I have a problem I cannot seem to solve and I REALLY need some help.

It's about phased-array antennas whose dipoles are not equally spaced, not equally phased, not equally fed (amplitude).
Let's assume that all the dipoles are the same and that always form a matrix of one or more columns with the same number of elements.
Every element of this matrix is made of 2 dipoles: one polarized by +45° and the other by -45°. Below an example:

X    X

X    X

X    X

X    X

X    X

Where every X is a couple of +/-45° polarized dipoles.

Provided that I'm currently interested only in the co-polar (I'm analyzing one pol. at time) vertical far-field pattern, I'm trying to find out a formula to use in an algorithm which would give the angular location of the first sidelobe above the main lobe.

You should also know that while in theory there MAY be a solution, the data I have at disposal (vertical pattern measurement of such antennas) suffers from noise at low dBs and interpolation errors (the antenna is measured every 1°).

Main issues here are:

  • I can search for relative minima and maxima, but I cannot always say that the first sidelobe is where the first relative maximum above main beam is, because there are many sidelobes which get "integrated" in the first one (see picture below), which contain anything but relative maxima (in this case the algorithm should return "85°"):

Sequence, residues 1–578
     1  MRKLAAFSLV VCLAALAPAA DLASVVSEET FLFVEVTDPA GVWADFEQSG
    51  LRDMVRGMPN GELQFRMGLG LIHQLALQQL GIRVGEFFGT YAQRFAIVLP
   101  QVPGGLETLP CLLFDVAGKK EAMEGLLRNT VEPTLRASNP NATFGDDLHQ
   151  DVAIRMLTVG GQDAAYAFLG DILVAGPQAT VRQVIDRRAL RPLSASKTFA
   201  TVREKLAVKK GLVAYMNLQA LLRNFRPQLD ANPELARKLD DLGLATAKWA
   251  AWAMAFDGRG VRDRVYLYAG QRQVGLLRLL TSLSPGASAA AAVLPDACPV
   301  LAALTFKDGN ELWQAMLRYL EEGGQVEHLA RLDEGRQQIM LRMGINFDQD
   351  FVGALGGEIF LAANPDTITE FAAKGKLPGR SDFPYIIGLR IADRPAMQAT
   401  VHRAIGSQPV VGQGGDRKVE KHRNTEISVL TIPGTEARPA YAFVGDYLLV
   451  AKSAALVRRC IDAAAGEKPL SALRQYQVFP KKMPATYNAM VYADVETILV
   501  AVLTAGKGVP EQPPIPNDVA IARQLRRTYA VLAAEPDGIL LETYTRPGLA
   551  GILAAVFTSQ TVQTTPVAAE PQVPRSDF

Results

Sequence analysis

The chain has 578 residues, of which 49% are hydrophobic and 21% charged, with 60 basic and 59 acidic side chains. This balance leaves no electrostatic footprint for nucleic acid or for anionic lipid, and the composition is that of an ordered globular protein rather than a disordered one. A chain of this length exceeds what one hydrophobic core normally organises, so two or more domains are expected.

"integrated" sidelobe

  • I cannot trust relative minima to really be minima, since sometimes a sidelobe is so low that will not be shown, or it's presence will be "overwritten" by interpolation of near points (here the sidelobe should be in both images below more or less by 70°):

now you see me now you don't

  • Even if I found some maximum/minimum in the range from -40dB (plot limit) to -80dB (measurement limit), noise would come into play and I would be led to believe that what I found could basically not be a mini sidelobe

Moreover, I keep hearing that there is an experimental formula which approximates the position of the first sidelobe and that would be: Main beam peak angular position - 1.5 * Vertical Half Power Beamwidth
Which is mostly correct... But sometimes fails with a lot of error (up to 3° in the GSM frequency range - I checked it on the visible sidelobes).
My question is: Is there a better formula (best if it is totally transparent to the algorithm - basically if I can find what I need only with the data I have avaiable and not need other inputs like amplitude, phase and position of dipoles)?



Your Answer

By clicking “Post Your Answer”, you agree to our terms of service and acknowledge you have read our privacy policy.